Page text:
Now that the money is secured to tear down about 450 dilapidated homes in Trumbull County, the next and more important phases - deciding which homes to demolish and creating plans to rebuild - deserve much attention.
The easy part is done. Ohio Attorney General Mike DeWine offered Trumbull County $500,000 with no strings attached and up to another $775,000 if it could generate a dollar-for-dollar match. After some unnecessary political wrangling in Warren, the Trumbull County Land Utilization Corp., or land bank, gathered enough money to maximize the grant. The land bank itself contributed more than $160,000 from its 2.5 percent share of delinquent property tax penalties.
As a sidebar, it's interesting to note which communities chose to participate. Brookfield, Howland, Hubbard Township, Warren Township, Weathersfield, McDonald, Girard, Hubbard, Newton Falls, Niles and Warren ponied up money.
Other communities certainly have a need. Just this week Champion declared 41 properties public nuisances and Vienna did the same for 24 others (not all these properties hold structures eligible for demolition). Liberty begged for money to raze five structures but offered no financial share.
For those frugal enough to be able to offer a match, there's an expectation of immediate improvement to the quality of life in the neighborhoods that have abandoned, dilapidated houses. Eyesores disappear. Dangerous playgrounds for curious children are gone. Havens for criminals are eliminated. Property values rise. According to a Land Policy Institute study, Genesee County, home of Flint, Mich., saw property values increase by $112 million after spending $3.5 million in demolitions, a 3,200 percent return on investment.
Don't expect similar results here. In addition to other variables possibly contributing to Flint's increased property values, a well-vetted strategy for tearing down and rebuilding is a must. Nobody destroys their way to prosperity, yet Trumbull has not yet embarked on a rebuilding strategy. The focus is primarily, almost exclusively, on destruction.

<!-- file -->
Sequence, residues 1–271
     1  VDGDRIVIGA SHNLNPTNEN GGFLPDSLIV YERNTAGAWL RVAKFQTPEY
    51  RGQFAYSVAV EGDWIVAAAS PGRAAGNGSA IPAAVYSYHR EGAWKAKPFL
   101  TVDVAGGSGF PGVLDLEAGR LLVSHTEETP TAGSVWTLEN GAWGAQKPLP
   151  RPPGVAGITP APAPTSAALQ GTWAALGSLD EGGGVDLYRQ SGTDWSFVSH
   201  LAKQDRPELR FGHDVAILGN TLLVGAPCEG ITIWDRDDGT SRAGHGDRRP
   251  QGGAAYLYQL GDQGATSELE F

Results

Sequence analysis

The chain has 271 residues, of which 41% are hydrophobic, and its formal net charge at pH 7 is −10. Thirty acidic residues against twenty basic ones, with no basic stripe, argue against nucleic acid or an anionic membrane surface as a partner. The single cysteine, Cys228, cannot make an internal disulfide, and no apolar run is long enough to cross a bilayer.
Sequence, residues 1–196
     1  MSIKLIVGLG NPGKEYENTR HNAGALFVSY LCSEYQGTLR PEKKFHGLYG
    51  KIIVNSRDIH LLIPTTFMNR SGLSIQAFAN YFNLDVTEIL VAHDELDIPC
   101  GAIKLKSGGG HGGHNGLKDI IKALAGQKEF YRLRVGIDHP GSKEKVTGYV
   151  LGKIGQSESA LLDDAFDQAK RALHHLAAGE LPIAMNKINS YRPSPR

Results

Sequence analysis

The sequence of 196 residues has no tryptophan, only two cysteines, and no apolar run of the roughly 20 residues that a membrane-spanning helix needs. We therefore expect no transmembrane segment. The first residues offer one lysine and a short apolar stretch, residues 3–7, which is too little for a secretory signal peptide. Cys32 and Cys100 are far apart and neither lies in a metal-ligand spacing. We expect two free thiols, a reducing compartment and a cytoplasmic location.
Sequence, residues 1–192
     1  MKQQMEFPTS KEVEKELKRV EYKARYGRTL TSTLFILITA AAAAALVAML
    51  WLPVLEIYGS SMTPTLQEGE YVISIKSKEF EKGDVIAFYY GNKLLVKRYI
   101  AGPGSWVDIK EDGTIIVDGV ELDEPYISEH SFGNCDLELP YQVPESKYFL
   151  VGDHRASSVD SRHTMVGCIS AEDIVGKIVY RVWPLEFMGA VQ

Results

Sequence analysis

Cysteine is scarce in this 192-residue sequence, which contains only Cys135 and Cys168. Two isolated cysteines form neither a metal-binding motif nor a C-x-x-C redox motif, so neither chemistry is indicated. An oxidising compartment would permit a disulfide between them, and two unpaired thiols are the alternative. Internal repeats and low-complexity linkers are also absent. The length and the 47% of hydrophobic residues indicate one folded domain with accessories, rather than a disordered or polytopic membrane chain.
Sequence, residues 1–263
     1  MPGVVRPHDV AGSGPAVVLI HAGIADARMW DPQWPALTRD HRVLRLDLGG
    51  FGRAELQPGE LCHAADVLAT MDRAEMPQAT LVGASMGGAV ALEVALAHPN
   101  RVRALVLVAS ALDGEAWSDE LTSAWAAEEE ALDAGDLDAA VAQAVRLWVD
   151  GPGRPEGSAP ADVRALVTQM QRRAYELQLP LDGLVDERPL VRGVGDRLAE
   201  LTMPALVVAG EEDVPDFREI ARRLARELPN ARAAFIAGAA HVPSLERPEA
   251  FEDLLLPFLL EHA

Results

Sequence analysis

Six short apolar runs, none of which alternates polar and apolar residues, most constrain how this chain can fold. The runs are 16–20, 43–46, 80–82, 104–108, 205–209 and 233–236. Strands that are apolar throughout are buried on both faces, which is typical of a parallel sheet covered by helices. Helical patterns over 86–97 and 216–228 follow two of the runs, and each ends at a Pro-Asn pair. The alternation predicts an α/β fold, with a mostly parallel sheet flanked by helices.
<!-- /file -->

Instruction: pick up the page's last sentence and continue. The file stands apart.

If not careful, the county could end up with a lot of vacant property to maintain. One way to avoid that is to convince next-door neighbors to buy the land. But if other dilapidated eyesores remain nearby, it might not be worth the property tax and maintenance burden for a next-door neighbor, especially if elderly or a slumlord, to take the vacant land. Thus, the need to tear down chunks of blight rather than a house here and a house there, and the need to better enforce zoning laws.
A Department of Housing and Urban Development grant has enabled Trumbull Neighborhood Partnership to hire an urban planner who is working with the land bank to select which houses to demo.
Enforcement is difficult when homeowners with upside down mortgages walk away and have no other assets to attack. It's also difficult when banks begin to foreclose but stop just short of taking the deeds, thus avoiding responsibility. But government is still falling short when it comes to preventing houses from getting condemned in the first place. Hopefully another HUD grant for TNP and the City of Warren to hire a zoning worker will help.
So far, Trumbull County has made the right moves to get the most demolition money available. In comparison, Summit County doesn't even have a land bank yet. It is now scrambling to meet a June 30 deadline to offer a match for the $3.78 million it is eligible for. If Summit or any other county fails, Trumbull should be ready to pounce with more matching money.
While 450 houses could fall with this $1.2 million, the attorney general's office estimates that 2,500 houses could be torn down in Warren alone. There's still a long way to go.